When popular culture amplifies the real world
Author: Samaritans CEO, Brad Webb
In short: (this summary should help our time-poor readers)
- Popular culture has an important role to play in showcasing diverse stories and representing all people.
- When the stories that are told on our TV shows, at the cinema, in books and on our streaming services are from communities who don’t often get the spotlight, we all benefit from the diversity.
- Representation matters! Feeling represented in TV shows or movies or books is important, no matter what your age.
When you were younger, was there someone you admired on TV who made you think, “that is who I want to be when I grow up”?
Perhaps it was someone real, like a sportsperson. Or someone fictional, like a character in a show.
There’s a quote, widely attributed to American civil rights activist Marian Wright Edelman, that says “you can’t be what you can’t see.” This speaks to the importance for each of us to see ourselves reflected in the world around us, in places like books, TV shows and movies. Thinking of it in another way, representation in pop culture matters, because for many, if you can see it, you can be it.
Representation is often discussed in relation to gender, such as the need for more lead characters in children’s books and entertainment to be female (because for many decades the leads have been mostly male).
In recent years the issue of representation has moved beyond gender, to cultural identity, disability, age, sexuality, ethnicity and religion. This is not some politically correct, progressive agenda as some would say, it is simply reflecting the real world back to us.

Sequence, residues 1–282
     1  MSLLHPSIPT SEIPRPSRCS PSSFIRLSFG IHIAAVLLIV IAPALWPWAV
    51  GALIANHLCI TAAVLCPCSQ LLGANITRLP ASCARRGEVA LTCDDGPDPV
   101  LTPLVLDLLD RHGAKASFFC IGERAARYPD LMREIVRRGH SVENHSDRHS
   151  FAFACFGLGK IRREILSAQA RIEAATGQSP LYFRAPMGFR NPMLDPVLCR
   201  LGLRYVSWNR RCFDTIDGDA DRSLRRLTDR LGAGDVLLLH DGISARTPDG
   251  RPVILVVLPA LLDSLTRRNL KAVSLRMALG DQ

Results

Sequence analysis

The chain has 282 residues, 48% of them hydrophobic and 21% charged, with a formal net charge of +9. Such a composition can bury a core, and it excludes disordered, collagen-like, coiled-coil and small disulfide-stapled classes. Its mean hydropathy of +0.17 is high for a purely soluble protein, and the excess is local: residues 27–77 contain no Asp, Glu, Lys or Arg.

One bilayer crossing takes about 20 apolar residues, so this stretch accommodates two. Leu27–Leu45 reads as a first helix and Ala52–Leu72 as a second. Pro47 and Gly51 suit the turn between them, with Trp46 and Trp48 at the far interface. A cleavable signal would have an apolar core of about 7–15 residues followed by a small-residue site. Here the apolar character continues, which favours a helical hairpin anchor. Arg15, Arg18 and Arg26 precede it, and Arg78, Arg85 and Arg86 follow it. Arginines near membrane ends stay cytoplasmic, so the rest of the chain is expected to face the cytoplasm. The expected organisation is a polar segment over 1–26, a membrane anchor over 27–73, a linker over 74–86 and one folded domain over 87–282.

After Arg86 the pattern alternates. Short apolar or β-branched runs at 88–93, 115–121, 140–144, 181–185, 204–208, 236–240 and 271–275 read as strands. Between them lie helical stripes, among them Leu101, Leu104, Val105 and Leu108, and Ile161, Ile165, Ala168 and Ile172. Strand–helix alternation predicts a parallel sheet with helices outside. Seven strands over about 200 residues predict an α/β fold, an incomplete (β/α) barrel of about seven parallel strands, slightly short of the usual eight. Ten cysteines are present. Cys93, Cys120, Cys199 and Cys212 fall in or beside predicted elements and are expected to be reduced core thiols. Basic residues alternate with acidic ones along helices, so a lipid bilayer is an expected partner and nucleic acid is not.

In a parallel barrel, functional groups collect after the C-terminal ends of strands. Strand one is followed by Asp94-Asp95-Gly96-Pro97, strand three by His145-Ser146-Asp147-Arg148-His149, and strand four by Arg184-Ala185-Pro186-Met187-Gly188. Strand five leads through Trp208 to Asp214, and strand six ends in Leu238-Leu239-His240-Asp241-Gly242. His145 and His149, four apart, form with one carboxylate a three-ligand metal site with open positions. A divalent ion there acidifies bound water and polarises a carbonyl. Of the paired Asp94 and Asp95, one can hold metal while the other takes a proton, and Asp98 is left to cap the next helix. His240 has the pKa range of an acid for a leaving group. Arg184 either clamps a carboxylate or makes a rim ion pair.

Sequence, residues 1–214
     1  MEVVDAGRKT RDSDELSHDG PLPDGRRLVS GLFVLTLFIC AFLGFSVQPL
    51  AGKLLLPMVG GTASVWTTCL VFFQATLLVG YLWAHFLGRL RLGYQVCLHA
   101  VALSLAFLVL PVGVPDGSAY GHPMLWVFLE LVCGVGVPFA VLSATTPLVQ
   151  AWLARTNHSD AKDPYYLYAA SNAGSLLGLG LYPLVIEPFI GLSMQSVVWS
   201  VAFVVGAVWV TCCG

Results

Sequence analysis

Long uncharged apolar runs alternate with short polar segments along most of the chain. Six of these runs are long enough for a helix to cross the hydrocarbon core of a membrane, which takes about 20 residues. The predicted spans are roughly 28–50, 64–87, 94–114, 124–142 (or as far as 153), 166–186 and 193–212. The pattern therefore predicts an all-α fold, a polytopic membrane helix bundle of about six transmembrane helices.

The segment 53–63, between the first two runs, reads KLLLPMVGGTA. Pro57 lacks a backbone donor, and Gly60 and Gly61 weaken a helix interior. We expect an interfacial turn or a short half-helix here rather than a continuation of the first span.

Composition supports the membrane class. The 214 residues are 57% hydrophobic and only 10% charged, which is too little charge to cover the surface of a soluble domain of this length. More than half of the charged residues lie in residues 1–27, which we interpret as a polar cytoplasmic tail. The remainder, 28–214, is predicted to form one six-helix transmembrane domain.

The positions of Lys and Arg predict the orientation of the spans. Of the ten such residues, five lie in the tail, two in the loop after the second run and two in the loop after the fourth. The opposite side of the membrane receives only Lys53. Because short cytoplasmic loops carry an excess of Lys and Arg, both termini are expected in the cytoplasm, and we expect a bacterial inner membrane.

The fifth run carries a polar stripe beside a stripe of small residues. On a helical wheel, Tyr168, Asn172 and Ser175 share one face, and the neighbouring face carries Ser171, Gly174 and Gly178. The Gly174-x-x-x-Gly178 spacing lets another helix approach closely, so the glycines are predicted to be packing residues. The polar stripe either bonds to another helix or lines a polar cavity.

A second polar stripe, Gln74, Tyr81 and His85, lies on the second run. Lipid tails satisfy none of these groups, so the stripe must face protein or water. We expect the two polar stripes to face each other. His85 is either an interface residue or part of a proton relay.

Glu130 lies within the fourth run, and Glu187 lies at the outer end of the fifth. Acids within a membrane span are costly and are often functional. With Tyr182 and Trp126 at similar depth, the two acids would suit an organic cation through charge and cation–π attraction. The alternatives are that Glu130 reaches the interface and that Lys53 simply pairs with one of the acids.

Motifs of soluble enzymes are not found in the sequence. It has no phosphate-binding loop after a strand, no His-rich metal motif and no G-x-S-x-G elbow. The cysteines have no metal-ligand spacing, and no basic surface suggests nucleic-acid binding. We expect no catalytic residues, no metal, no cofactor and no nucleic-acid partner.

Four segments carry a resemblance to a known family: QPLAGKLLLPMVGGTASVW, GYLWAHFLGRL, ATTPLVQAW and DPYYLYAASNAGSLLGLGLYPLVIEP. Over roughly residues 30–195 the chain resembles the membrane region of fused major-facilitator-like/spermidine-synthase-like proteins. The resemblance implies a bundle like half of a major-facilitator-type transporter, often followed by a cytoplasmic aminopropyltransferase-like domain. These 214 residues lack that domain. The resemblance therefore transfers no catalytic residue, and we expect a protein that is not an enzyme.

A recent series of short films on ABC ME called DisRupted were made by Australian creatives and content makers with disability. A lead in one of the films, Emily Prior, tweeted this about her role:
“Do you know why Rocky & Me is important on Aust
Children’s TV? The lead character is disabled, she’s not
the “token” disabled best friend. She IS the lead
character! We need more of her! @ABCTV @cjztv
This is the power of representation. Our TV screens, movie theatres, streaming services and books are all places where we hear stories every day; both real and fictional. Ensuring that the people at the centre of those stories represent the diversity of our society is incredibly important.
Have you met Kiya from Play School? Kiya is from Noongar country, which is in the southern corner of Western Australia. New toys are rarely introduced in Play School and to show her importance Kiya was made a regular member of the cast starting last year.
For young Aboriginal people, Kiya is one of the first mainstream characters in the Play School work who reflect Aboriginal and Torres Strait Islander cultures. Kiya will reflect what it is to be a proud Aboriginal girl with a strong connection to culture and country.
Another fixture in many childhoods is Sesame Street, which has a long tradition of diversity that stems back to its inception, introducing diverse characters to the mainstream.
By including characters with these backgrounds, Sesame Street is building hope for children facing stressful situations at home. Children can see characters on TV facing similar experiences to them, and the show also serves to raise awareness and break down stigma.
The importance of representation extends beyond children’s entertainment.
Last year I watched the Netflix series Special. The show follows the life of lead character Ryan, a young gay man with cerebral palsy. The show was written, produced and stars Ryan O’Connell, who has cerebral palsy and in addition to his writing and film work is a comedian, LGBTQI+ activist and disability advocate.
These are just a few examples of where stories and characters who are often left on the margins or erased completely, are brought into mainstream entertainment channels.
In our communities, diversity is strength. It is so incredibly important that diversity is reflected back to us as we watch, read, listen and witness the world around us.